Author Topic: Anyone have numbers for worst 10.20, 30 year S and P past returns? Also % risk?  (Read 4389 times)

andysandp

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Anyone have the return numbers for the worst 10 year, 20 year, and 30 year S and P historical returns WITH Dividends?

Also anyone have % of Risk for 30 year rolling returns WITH Dividends?  I know past doesn't guarantee future but it's good to see the past numbers.

For example,  Based on past, 30 year rolling return WITH Dividends had:

100% of time at least 4% return not including inflation
90% of time at least 6% return not including inflation
80% of time at least 10% return not including inflation
50% of time least 12% return not including inflation
20% of time at least 15% return not including inflation
5% of time at least 18% return not including inflation

These are not real numbers, but anyone know the real numbers?

Thanks!

« Last Edit: April 06, 2017, 10:56:04 AM by andysandp »

Babybalrog

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I remember something from PAUL A. MERRIMAN at Marketwatch about like this. I was looking around and couldnt find the article exactly but this was as close as I could find
http://www.marketwatch.com/story/understanding-performance-the-sp-500-in-2015-02-18
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(Fine print: These figures don't take into account inflation, taxes or any management costs.)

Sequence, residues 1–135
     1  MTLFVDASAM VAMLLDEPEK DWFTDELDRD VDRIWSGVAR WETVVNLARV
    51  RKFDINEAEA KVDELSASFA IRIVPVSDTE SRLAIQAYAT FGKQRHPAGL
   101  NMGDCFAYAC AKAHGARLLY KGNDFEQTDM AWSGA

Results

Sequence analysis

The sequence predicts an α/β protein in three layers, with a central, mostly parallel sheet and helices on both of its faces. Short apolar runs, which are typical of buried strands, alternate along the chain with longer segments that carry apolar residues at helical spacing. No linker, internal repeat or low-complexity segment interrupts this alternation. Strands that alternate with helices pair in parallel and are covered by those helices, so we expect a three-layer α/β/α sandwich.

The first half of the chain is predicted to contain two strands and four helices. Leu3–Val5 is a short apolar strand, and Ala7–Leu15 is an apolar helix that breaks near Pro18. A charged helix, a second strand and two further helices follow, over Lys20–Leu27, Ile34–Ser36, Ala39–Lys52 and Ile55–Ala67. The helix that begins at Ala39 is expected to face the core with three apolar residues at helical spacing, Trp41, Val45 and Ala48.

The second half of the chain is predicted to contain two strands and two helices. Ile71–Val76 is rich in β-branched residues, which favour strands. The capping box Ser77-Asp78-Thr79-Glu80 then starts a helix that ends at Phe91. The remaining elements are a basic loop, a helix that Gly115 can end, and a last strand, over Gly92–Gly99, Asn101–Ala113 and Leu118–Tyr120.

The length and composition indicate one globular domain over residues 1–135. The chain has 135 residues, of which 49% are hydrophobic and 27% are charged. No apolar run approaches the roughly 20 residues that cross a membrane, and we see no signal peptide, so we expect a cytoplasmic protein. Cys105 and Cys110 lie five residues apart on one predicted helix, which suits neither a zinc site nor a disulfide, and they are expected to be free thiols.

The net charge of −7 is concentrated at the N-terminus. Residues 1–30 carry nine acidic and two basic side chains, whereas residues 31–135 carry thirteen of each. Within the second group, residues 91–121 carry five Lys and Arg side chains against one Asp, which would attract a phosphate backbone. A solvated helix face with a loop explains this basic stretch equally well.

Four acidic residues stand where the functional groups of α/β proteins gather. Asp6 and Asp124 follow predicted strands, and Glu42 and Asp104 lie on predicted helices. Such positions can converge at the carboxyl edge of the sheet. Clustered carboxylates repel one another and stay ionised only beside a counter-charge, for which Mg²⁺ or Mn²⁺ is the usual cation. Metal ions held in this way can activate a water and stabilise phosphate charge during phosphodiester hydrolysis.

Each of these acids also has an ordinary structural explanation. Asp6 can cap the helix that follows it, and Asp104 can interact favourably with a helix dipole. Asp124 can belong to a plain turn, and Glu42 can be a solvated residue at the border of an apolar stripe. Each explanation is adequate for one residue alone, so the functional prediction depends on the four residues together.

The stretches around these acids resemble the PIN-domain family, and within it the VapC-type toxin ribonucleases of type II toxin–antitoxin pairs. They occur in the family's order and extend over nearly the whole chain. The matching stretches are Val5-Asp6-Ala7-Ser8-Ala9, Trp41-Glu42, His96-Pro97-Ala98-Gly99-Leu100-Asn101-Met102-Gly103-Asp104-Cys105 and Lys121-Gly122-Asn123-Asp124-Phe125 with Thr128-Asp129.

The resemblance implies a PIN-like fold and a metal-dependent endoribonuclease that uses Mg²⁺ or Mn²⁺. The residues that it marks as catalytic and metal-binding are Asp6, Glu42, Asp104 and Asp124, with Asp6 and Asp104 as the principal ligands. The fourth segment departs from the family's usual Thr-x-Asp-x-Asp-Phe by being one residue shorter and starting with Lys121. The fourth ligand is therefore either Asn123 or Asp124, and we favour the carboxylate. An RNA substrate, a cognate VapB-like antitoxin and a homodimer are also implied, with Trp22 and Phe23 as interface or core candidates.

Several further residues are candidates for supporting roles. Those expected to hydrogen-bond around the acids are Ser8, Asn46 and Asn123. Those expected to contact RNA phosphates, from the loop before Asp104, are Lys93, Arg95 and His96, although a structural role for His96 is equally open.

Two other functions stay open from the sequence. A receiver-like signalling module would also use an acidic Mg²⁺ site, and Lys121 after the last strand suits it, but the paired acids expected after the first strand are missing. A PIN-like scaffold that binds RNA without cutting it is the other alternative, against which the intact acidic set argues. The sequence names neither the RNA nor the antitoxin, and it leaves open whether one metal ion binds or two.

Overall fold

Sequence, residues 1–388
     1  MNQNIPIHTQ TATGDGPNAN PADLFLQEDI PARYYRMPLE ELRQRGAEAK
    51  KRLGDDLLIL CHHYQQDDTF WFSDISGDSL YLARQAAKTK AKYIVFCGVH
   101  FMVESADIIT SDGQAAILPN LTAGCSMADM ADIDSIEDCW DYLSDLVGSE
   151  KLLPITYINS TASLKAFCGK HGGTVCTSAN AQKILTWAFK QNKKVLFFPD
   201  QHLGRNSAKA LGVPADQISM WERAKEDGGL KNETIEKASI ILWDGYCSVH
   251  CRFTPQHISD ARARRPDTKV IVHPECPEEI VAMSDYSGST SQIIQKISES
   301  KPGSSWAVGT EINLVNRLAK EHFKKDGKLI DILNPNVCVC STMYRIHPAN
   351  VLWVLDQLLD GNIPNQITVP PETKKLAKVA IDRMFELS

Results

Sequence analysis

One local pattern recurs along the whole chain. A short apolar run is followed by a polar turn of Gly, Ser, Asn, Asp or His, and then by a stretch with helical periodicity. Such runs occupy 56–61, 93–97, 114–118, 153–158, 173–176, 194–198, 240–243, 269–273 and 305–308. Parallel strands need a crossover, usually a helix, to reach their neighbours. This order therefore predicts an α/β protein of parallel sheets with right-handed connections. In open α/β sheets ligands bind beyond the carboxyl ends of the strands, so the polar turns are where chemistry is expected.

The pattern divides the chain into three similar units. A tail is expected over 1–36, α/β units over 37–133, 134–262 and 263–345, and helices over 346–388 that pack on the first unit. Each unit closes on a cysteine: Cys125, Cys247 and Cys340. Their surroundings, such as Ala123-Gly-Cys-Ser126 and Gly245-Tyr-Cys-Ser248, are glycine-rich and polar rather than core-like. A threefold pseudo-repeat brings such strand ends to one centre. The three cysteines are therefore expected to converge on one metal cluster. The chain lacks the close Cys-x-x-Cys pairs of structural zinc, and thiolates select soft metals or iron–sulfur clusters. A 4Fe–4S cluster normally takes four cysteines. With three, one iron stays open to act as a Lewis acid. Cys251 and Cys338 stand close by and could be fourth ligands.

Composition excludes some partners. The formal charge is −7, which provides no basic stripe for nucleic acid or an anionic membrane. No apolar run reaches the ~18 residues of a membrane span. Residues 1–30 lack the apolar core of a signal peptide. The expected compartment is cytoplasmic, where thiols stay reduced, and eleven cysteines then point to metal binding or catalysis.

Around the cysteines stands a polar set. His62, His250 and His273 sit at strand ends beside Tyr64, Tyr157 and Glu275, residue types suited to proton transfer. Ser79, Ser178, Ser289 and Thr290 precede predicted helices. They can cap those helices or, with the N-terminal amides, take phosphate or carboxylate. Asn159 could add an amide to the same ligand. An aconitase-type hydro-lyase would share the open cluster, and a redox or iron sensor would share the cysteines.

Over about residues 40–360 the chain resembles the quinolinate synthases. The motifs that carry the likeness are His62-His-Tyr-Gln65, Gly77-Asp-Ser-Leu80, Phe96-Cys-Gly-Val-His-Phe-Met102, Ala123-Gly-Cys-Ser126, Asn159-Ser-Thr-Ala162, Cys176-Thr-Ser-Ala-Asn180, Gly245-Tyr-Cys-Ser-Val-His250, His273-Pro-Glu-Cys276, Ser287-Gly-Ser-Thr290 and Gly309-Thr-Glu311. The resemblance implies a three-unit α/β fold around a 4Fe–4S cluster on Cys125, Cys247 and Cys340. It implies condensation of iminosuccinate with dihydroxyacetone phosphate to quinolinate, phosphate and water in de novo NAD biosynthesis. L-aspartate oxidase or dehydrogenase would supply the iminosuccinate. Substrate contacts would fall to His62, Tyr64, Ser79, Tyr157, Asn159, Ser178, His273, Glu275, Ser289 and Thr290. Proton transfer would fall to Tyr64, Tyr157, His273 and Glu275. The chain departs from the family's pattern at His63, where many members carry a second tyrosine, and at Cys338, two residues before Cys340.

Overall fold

However, because not everybody has a 40-year investment horizon, I analyzed all the 15-year periods from 1928 through 2014 (there were 73 of them).

The S&P 500's highest 15-year performance, a compound return of 18.3%, came in 1985 through 1999. The lowest, a barely positive return of just 0.6%, was from 1929 through 1943. Ouch!

About six of every 10 of these 15-year periods produced returns over 10%, and the rest fell below that mark.


From another article
Quote
Longer time periods make more dependable returns. For the Standard & Poor's 500 Index, one-year returns ranged from a high of 54% to a heart-stopping low of minus 43.3%. However, the range for 15-year periods was quite a bit narrower: a high of 18.9% to a barely profitable low of 0.6%.

Among all the 40-year periods, as we saw above, the range of compound returns was fairly narrow, from 15.9% to 10.7%.

http://www.marketwatch.com/story/8-lessons-from-80-years-of-market-history-2014-11-19


For a more reasearch based view
http://www.sciencedirect.com/science/article/pii/S2405473915000331

andysandp

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I found all rolling 20 year return with Dividends here:

http://allfinancialmatters.com/2015/12/14/sp-500-20-year-rolling-returns/

Notice only one period had less then 4% return out of 70!!

Anyone have 10, 15, and 30 year rolling returns WITH Dividends?
« Last Edit: April 07, 2017, 10:54:48 AM by andysandp »

MDM

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Maschinist

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Problem is the table is not CPI adjusted.
For example the periods with low/mid sixties starting point are ~8% year without CPI adjustment but in reality where below 2%/year adjusted. The same you would find with starting years 1902-1907

I found all rolling 20 year return with Dividends here:

http://allfinancialmatters.com/2015/12/14/sp-500-20-year-rolling-returns/

Notice only one period had less then 4% return out of 70!!

Anyone have 10, 15, and 30 year rolling returns WITH Dividends?

frugal_c

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Absolutely, check out this link:

https://dqydj.com/sp-500-historical-return-calculator/

They have max returns, min returns and 10th thru 90th percentile returns for 10,20,30,40 year periods.  You can also select custom period lengths if you are interested.   The results are inflation adjusted.